Spooner Oldham’s perfectly understated piano starts the song with a simple set of chords, like the piano in a small church. The verses follow a chord progression of I-V-VII♭-IV. Then Aretha begins “Looking out on the morning rain,” joined by the bass guitar. Gradually, the strings and drums also begin to play. A gentle, cautious, pre-chorus follows ii7-iii7, a progression that feels like it’s waiting for strength. Then the strings and backing vocals rise up in the chorus with religious joy, “You make me feel.. you make me feel.. You make me feel like a natural woman!”

Looking out on the morning rain
I used to feel so uninspired
And when I knew I had to face another day
Lord, it made me feel so tired
Before the day I met you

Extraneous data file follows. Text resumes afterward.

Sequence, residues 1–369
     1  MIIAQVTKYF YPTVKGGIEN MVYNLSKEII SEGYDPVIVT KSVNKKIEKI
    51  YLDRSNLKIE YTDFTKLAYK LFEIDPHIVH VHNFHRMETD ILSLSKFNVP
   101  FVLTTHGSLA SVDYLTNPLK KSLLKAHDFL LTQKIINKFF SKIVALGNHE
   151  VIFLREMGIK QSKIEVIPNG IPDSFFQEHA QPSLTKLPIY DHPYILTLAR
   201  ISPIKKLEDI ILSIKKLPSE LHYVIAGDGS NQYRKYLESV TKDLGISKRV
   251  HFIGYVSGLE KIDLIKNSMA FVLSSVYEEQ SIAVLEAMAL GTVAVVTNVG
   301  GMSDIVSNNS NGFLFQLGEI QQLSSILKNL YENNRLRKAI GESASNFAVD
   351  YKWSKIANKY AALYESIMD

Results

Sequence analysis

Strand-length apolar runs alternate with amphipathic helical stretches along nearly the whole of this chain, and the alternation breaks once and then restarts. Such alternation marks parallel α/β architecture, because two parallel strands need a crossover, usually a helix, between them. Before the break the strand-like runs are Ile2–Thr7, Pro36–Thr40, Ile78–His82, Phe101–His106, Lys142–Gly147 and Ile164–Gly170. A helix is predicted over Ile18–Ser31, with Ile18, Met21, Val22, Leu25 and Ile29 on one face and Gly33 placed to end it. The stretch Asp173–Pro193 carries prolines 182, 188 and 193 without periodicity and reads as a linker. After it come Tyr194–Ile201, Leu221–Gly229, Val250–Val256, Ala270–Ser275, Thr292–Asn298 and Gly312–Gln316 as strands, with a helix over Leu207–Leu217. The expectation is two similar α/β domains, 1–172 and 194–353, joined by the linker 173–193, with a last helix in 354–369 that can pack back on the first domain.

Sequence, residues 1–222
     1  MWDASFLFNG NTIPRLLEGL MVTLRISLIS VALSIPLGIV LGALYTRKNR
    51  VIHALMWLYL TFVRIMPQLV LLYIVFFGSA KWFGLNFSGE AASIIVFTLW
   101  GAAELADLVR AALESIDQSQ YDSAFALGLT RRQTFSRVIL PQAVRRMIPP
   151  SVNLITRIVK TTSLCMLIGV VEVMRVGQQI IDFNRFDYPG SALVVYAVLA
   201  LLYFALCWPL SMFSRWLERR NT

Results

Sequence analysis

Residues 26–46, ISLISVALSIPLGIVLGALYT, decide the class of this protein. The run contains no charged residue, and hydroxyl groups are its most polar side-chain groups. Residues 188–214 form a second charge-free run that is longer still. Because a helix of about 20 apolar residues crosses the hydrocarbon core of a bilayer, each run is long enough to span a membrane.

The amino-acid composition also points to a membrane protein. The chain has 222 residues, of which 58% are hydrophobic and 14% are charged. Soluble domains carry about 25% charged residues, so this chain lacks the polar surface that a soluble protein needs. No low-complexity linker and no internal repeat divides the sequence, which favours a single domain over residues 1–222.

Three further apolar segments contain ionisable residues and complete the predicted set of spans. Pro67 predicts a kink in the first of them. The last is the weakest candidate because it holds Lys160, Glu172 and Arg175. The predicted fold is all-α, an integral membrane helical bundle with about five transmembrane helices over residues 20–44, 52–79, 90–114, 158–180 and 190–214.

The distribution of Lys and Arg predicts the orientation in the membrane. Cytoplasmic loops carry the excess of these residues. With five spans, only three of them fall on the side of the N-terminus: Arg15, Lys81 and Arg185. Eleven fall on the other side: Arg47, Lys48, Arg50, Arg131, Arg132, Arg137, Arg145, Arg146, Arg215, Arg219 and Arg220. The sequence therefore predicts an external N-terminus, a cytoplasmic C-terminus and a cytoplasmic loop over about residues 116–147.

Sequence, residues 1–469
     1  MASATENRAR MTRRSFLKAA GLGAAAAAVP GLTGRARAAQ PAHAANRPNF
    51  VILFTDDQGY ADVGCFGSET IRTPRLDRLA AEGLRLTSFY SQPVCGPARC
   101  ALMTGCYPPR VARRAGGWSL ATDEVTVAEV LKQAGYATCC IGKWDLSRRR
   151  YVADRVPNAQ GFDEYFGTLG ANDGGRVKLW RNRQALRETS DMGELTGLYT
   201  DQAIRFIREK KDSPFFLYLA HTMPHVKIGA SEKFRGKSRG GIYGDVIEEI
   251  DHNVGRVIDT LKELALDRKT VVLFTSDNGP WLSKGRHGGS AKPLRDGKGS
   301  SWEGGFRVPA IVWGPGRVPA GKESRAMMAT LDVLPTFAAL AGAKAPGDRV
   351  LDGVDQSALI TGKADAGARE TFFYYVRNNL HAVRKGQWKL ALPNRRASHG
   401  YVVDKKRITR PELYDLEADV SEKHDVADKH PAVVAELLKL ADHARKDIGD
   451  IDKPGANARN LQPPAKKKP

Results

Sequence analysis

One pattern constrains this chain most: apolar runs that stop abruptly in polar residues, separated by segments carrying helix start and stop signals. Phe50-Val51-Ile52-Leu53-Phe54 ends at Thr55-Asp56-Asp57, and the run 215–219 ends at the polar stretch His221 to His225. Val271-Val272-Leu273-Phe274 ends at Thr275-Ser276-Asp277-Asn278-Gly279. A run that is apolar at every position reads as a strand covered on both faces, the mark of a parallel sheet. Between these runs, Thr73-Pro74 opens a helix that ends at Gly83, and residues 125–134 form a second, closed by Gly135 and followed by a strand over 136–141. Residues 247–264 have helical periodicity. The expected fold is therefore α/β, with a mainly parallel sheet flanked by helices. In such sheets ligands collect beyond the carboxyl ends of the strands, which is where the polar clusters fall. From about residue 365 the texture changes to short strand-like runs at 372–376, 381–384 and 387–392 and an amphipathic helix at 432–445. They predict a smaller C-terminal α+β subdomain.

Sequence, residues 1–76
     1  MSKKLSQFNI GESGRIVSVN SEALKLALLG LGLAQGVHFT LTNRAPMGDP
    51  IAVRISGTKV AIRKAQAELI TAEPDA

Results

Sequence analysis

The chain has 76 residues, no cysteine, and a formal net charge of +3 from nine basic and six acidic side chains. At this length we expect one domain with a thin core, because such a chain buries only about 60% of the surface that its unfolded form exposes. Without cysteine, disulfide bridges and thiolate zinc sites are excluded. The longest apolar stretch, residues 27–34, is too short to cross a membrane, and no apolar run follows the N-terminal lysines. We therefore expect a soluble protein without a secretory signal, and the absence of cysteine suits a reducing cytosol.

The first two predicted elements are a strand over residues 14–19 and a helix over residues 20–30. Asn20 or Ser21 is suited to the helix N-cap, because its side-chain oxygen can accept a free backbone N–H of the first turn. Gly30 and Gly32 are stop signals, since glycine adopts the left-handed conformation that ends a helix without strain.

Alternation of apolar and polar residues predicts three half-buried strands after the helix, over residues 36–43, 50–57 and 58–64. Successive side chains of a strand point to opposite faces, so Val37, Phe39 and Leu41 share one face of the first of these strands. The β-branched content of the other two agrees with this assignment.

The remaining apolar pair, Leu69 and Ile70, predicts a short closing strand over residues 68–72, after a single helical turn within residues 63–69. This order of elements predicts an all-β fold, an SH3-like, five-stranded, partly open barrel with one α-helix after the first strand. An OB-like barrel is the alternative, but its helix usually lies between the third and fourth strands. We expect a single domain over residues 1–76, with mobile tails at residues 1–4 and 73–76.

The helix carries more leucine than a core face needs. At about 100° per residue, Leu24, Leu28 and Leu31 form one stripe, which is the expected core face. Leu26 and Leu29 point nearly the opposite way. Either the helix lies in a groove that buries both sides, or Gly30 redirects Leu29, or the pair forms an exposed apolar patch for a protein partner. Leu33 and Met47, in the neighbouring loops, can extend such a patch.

Life was so unkind
But you’re the key to
My peace of mind
‘Cause you make me feel
You make me feel
You make me feel like
A natural woman

Led Zeppelin’s “Led Zeppelin (I)”

Cover of Led Zeppelin's debut album

This week, I’ve been listening to Led Zeppelin’s self-titled debut LP from 1969 that introduced the world to their unique blend of hard blues rock. While I’ve known their fourth album my whole life and a few of their other albums since I was a teenager, I somehow missed most of their first. Most of my punk-rock friends shrugged off Zeppelin as the hippie-rock of their parents. Yet, my parents didn’t listen to them beyond a few songs on Led Zeppelin IV like “Stairway to Heaven.” The punk rejection is kind of funny considering how album’s “Communication Breakdown” influenced much of the Ramones. Still, punk rejected what they saw as excessive moments of showy musicianship that Zeppelin were already demonstrating on this first album.